If You’re Choosing Between “DEI” and Crisis Management, You’re Choosing Wrong.

The last few months have left me reeling - and fielding questions from clients who are reeling too - about how to approach DEI work in this maelstrom. Is now really the right time to be “doing DEI?” If so, why is it essential to prioritize DEI as the winds storm around us? And finally, how should organizations and their leaders prioritize DEI in the context of unprecedented strategic, financial, and moral obstacles?

The answer to all of these questions hinges on one of my fundamental truths: DEI is not a thing we do, it is the way we do everything.


Both/And: Values Based Decision Making in a Time of Crisis

Transforming core services to virtual overnight...bring your child to work EVERY day...sleepless worry for ourselves and our at-risk loved ones...even deeper divides along socio-economic and generational lines...amplified racism and xenophobia....How are we supposed to make the range of critical decisions required of us while swirling in the stress? Our brains have developed a response through biological evolution: pre-programmed shortcuts based on habits. But are the habits that we’ve built in the past representative of the leaders that we want to be today?
In times of stress, our brains naturally default to previously ingrained behaviors to navigate uncertainty. This includes existing habits around top-down, individualistic decision-making; information- (and thus power-) hoarding; and binary either/or thinking. In other words, unless we interrupt it, the extreme stress of today’s circumstances could lead many of us to default to white dominant culture habits in this exact moment when slow and intentional leadership, clear and transparent communication, and trust and relationship-informed decision making are most critical.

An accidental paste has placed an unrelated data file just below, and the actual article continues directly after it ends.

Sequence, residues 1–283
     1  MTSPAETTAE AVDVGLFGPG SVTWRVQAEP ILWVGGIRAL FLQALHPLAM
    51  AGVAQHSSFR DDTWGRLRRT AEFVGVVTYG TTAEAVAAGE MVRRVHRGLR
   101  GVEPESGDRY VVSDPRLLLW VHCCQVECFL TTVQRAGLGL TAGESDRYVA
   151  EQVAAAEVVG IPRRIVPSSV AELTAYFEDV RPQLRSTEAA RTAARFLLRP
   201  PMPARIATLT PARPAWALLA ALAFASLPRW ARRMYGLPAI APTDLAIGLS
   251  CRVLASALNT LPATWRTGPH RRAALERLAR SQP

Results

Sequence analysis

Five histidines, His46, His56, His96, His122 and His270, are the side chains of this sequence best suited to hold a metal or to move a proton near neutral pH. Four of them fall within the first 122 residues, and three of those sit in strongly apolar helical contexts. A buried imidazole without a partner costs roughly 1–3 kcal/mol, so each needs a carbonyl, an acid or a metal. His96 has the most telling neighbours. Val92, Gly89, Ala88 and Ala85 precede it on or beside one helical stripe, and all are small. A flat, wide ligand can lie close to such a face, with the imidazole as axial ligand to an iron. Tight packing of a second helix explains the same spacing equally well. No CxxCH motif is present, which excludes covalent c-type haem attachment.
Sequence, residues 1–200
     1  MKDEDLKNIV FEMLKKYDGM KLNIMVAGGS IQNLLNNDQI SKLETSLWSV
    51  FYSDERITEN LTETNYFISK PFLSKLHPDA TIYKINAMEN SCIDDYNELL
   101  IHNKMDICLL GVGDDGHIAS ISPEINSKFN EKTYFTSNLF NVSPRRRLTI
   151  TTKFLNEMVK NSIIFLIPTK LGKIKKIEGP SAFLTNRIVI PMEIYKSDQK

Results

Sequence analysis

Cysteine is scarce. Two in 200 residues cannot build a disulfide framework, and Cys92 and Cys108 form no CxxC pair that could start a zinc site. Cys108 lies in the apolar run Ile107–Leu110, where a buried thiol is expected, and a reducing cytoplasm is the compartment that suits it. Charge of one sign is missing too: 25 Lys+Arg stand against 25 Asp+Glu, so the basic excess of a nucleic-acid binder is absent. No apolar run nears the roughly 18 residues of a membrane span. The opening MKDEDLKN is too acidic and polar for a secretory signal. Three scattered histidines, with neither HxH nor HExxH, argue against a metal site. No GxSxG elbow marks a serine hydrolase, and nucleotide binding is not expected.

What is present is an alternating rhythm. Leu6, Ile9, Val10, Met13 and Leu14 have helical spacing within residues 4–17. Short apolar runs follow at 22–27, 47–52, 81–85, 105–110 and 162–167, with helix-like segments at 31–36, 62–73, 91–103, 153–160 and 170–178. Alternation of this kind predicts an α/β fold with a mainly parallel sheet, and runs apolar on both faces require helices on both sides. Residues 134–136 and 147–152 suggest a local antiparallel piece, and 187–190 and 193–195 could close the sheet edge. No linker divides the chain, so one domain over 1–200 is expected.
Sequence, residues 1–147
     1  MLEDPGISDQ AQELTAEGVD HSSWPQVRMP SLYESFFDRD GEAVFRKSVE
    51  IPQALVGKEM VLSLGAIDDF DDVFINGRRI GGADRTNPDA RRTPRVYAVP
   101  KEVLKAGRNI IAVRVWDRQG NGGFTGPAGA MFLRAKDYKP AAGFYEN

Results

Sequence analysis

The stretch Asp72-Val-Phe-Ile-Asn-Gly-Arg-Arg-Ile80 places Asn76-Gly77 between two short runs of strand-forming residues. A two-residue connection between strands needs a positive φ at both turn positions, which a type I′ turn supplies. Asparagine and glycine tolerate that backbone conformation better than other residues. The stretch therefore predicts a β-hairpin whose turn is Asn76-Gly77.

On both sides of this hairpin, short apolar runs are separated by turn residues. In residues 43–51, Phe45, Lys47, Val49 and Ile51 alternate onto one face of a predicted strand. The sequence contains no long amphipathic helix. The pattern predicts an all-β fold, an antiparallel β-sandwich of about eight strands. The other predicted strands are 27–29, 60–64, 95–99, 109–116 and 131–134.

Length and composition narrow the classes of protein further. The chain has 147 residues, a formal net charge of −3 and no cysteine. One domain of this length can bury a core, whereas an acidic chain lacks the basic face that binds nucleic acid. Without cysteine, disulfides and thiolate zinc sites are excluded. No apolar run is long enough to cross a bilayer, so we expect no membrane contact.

New Year’s Resolution Challenge: Articulate Your Organization’s Talent Philosophy

During a recent workshop that Xiomara Padamsee and I facilitated at the Education Pioneers National Conference, we led an activity with representatives from small nonprofits, medium-sized CMOs, and relatively large public school districts to identify their core beliefs about talent to include in a talent philosophy – a short, bold statement articulating the talent beliefs of an organization. We asked participants to “vote with their feet” by moving to different sides of the room based on whether they believed that their organization should hire for raw potential for impact or demonstrated track record. Unsurprisingly, representatives from newer organizations who were just starting to build up the core of their organizational functions tended to fall on the “demonstrated track record” side of the room, while large, complex organizations with established training capabilities fell on the “raw potential for impact” side of the room.


Diversity: Necessary (But Insufficient)

Our country has a long history of social movements that fight inequity, injustice, and institutionalized oppression and which are led by marginalized or oppressed groups. But the educational equity “movement” is unique in that it has, from the beginning, been led largely by white, economically privileged leaders and funders, while the communities most impacted by educational injustice are largely brown, black, and poor. The outcomes of this disconnect are approaches, practices, and structures that are not deeply and authentically informed by the communities being served. They often lack sociological and cultural context and relevance.